However, people expecting break-the-plane 3D effects will be sorely disappointed. There’s depth here, but nothing in the way of wow-you 3D effects.

The featured audio is an English DTS-HD MA 5.1, with Spanish and French Dolby Digital 5.1 options and subtitles in French, Spanish, and English. It’s an immersive audio that really spreads the sound across the front and main speakers, providing a natural flow of sound effects and dialogue. Rear effects speakers are nicely involved, especially during faux-battle scenes and instances where background music (a surprising rock menu) asserts itself but doesn’t compete with the dialogue and effects.

I’m one of those who considers the Blu-ray and DVD and UltraViolet Digital Copy bonus features on a 3D Blu-ray release, so there are already some nice things going one here. Add a contest to win a Jamaica getaway, mon, and you’re halfway there.

Unfortunately, the remainder of the bonus features are average at best. The commentary from director Peter Lord, co-director Jeff Newitt and editor Justin Krish is a bit of a sleeper, and I don’t mean that in the stock-market sense. They spend so much time on the technical aspects of the film that you’d happily run someone through with a cutlass for the chance to hear just a few more fun anecdotes about the creation of this film.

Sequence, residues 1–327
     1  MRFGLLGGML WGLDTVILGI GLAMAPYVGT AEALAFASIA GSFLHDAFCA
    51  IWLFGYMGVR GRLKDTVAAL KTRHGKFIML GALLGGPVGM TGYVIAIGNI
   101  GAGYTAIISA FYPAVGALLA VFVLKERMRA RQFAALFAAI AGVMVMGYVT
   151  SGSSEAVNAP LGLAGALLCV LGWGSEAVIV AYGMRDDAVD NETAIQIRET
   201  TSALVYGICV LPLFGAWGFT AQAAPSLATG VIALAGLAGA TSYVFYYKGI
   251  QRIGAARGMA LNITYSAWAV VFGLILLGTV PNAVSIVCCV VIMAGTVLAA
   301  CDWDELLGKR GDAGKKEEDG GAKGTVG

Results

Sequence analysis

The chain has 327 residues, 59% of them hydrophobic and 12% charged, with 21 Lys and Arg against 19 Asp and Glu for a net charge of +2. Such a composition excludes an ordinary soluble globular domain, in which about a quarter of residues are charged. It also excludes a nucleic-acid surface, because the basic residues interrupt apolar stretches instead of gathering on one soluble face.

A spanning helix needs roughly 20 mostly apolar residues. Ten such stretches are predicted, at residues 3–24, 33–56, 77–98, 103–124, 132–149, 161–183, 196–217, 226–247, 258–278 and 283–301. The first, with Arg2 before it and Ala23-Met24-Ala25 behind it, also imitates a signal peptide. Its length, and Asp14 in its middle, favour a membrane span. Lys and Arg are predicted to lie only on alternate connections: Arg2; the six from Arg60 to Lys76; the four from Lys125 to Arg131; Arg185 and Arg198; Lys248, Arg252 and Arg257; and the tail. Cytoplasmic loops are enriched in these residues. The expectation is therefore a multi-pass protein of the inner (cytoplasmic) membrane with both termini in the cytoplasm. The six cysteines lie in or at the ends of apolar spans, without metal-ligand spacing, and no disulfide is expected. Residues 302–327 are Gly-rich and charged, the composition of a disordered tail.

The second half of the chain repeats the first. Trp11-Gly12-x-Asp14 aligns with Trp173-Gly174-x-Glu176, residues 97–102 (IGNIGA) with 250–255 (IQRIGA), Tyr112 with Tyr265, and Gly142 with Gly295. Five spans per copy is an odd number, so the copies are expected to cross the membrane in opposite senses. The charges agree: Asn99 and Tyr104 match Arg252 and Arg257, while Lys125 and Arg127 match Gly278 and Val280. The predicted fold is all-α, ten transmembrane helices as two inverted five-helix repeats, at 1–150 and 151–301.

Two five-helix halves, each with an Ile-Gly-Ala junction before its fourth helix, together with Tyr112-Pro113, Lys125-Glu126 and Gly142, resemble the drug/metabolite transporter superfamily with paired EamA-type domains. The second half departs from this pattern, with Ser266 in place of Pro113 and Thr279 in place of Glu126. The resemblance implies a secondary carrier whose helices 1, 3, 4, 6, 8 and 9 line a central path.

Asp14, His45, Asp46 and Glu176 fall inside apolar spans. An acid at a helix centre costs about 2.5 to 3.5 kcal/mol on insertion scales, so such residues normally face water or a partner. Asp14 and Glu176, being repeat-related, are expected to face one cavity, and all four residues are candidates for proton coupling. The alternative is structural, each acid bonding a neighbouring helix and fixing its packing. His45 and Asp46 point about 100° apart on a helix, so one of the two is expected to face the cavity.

Other bonus features include “So You Want to Be a Pirate!” short film, which is an 18-minute game show spoof, a “Pirate Disguise Dress-up Game” that’s really one of those three-way match-up games (head, body, legs), a “Creating the Bath Chase Sequence” look at how one of the most difficult scenes was shot (8 min.), two Peter Lord short films (“Wat’s Pig” and “War Story”) and the best bonus feature of the lot, “From Stop to Motion” (21 min.), which details the whole process.

On the DVD there’s the game “Mr. Bobo’s Flash Card Challenge” for young viewers and a DVD-ROM (remember that?) link to other online features.

Bottom line:
Like Pirate Captain, “The Pirates! Band of Misfits” is just enough of a winner to make the time you spend with him and his not-so-scurvy crew worthwhile. The Aardman folks might not have created a pirate film to rival the big screen’s best, but they’ve created a subtle parody of pirate movies that’s well worth watching.